The Cyberlaw Podcast

It was a cyberlaw-packed week in Washington. Congress jammed the CLOUD Act into the omnibus appropriations bill, and boom, just like that, it’s law. Say goodbye to the Microsoft Ireland case just argued in the Supreme Court. Maury Shenk offers a view of the Act from the United Kingdom, the most likely and maybe the only beneficiary of the Act. Biggest losers? For sure, the ACLU and EFF and their ilk, who were more or less rendered irrelevant when they lost the funding and implicit backing of Silicon Valley business interests.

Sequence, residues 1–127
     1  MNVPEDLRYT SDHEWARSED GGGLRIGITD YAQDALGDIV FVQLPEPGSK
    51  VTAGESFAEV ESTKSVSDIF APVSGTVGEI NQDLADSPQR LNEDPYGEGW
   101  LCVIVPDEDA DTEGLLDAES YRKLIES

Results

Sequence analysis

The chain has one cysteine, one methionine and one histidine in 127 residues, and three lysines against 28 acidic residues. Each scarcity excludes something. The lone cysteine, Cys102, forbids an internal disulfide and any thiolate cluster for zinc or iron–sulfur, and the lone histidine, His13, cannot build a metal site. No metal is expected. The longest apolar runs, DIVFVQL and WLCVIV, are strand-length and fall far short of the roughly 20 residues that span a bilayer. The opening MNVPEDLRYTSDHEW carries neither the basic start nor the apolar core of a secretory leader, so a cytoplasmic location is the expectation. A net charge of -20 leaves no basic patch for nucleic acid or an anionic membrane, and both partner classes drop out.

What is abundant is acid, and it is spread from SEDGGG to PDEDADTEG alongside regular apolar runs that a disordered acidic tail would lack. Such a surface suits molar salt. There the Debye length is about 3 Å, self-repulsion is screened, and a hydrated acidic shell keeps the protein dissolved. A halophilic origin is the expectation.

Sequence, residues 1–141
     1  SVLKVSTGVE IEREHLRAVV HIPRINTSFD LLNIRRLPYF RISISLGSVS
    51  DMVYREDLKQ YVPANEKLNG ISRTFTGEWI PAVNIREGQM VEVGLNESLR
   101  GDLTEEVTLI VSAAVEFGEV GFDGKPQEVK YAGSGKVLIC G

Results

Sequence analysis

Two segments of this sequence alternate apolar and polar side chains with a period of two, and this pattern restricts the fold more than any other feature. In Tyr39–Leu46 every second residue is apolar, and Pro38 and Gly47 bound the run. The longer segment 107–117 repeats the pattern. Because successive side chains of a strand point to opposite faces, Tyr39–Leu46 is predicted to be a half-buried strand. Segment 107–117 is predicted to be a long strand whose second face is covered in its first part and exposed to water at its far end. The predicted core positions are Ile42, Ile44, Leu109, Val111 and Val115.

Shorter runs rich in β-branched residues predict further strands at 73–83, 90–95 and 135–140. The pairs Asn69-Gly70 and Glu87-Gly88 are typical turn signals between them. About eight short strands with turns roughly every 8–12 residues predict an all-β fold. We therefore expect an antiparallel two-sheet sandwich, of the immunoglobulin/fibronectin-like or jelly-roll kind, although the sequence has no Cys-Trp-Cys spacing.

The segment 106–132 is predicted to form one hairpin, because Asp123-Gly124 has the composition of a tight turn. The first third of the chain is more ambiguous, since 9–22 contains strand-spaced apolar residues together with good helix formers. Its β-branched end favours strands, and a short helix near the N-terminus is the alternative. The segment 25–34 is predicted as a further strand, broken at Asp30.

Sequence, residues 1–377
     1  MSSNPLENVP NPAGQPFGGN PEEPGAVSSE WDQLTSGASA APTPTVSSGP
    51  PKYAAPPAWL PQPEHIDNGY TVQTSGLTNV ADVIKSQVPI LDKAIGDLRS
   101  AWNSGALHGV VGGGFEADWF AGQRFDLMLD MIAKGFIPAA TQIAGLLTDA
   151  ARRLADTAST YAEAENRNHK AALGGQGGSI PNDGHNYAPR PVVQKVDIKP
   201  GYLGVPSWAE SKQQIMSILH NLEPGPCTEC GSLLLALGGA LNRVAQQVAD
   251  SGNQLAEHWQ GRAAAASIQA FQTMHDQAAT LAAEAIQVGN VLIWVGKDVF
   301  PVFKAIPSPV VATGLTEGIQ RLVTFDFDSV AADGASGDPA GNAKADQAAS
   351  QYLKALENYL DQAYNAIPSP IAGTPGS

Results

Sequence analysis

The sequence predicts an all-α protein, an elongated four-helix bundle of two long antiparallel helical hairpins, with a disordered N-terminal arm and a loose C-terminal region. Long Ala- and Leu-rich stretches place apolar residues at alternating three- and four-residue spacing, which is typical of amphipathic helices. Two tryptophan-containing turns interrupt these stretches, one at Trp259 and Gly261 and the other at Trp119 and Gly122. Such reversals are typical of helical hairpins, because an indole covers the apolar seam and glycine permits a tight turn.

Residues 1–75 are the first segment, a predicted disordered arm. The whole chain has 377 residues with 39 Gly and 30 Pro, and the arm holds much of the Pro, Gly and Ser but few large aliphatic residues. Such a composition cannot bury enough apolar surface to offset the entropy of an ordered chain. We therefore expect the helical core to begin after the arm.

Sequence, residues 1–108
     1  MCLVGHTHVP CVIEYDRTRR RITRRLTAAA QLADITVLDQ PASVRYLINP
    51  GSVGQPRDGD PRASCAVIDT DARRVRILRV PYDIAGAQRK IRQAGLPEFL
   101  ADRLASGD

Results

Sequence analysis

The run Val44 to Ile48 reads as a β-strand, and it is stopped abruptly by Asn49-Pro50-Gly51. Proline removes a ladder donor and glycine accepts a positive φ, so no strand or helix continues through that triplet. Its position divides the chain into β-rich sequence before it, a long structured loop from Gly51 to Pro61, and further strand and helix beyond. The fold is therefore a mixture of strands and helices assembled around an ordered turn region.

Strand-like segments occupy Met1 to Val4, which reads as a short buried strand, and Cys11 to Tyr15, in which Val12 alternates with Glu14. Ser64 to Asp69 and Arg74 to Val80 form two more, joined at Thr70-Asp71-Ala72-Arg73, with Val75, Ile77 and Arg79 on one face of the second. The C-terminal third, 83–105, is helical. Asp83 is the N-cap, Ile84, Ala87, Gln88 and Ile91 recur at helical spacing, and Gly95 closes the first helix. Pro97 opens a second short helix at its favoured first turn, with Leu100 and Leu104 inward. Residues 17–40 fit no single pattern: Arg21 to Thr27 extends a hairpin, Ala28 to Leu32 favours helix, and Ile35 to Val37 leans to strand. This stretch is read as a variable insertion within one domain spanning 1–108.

But wait, there’s more congressional action, and it is bad news for Silicon Valley business interests. For the first time, the immunity conferred on social media platforms by Section 230 of the Communications Decency Act has been breached. Jamil Jaffer and I discuss FOSTA/SESTA, adopted this week. In theory, the act only criminalizes media platforms that intentionally promote or facilitate prostitution, but any platforms that actually read their own content are likely at risk. Which is what Craigslist concluded, killing its personals section in response to the act. Worse for Silicon Valley, this may just be the beginning, as its unpopularity with left and right alike starts coming home to roost.

Not to be upstaged by Congress, President Trump announces a plan to impose $60 billion in tariffs on Chinese goods and new investment limits on Chinese money. Sue Esserman explains the plan and just how serious an issue it’s addressing.